Maternal Use of TDF Doesn't Further Reduce HBV Transmission

Added maternal use of TDF did not result in a significantly lower rate of HBV transmission
Added maternal use of TDF did not result in a significantly lower rate of HBV transmission

HealthDay News — Maternal use of tenofovir disoproxil fumarate (TDF) in addition to administration of hepatitis B immune globulin and hepatitis B vaccine to infants born to hepatitis B e antigen (HBeAg)-positive pregnant women does not further lower the rate of hepatitis B virus transmission, according to a study published in the March 8 issue of the New England Journal of Medicine.

Gonzague Jourdain, MD, PD, from Chiang Mai University in Thailand, and colleagues randomized HBeAg-positive pregnant women with an alanine aminotransferase level of ≤60 IU/L to receive TDF (n=168) or placebo (n=163) from 28 weeks of gestation to 2 months postpartum. Hepatitis B immune globulin was administered at birth and hepatitis B vaccine was given at birth and at 1, 2, 4, and 6months.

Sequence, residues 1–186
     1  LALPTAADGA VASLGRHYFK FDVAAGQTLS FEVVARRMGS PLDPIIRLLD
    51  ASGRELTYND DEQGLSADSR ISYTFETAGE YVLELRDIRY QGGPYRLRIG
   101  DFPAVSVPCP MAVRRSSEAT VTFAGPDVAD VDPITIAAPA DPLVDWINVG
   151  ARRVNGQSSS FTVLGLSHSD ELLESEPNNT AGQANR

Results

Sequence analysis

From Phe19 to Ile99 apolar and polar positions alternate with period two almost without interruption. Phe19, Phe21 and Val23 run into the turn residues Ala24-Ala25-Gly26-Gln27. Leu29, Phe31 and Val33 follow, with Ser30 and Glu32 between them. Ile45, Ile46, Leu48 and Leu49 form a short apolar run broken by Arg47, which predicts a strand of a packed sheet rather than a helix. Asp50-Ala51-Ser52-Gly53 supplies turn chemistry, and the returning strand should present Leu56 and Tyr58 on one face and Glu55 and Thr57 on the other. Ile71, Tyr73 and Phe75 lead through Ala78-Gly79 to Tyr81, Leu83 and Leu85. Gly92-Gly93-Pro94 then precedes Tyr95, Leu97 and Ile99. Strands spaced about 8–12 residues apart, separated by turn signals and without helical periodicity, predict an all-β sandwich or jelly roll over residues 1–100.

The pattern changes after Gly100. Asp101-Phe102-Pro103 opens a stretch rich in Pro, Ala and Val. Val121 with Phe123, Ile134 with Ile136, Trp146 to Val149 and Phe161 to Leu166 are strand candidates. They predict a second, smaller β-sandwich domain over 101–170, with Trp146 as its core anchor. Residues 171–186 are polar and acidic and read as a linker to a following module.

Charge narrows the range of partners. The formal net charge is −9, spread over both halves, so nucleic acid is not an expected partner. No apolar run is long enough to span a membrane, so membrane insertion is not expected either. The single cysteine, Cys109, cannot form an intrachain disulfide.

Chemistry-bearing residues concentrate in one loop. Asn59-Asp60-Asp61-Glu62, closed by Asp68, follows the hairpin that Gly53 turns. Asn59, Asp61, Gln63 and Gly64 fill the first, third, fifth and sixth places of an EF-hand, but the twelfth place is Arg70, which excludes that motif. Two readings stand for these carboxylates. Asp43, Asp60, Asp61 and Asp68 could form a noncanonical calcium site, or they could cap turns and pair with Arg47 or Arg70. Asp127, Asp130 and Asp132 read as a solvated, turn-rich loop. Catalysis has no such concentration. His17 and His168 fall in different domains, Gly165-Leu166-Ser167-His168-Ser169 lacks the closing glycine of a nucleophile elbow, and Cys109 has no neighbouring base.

The researchers found that the median time from birth to administration of hepatitis B immune globulin and hepatitis B vaccine was 1.3 and 1.2 hours, respectively. None of the infants in the TDF group and three in the placebo group were infected in the primary analysis (0 vs 2%; P=0.12). There was no significant difference between the groups in the rate of adverse events.

"In a setting in which the rate of mother-to-child HBV transmission was low with the administration of hepatitis B immune globulin and hepatitis B vaccine in infants born to HBeAg-positive mothers, the additional maternal use of TDF did not result in a significantly lower rate of transmission," the authors write.

Abstract/Full Text (subscription or payment may be required)
Editorial (subscription or payment may be required)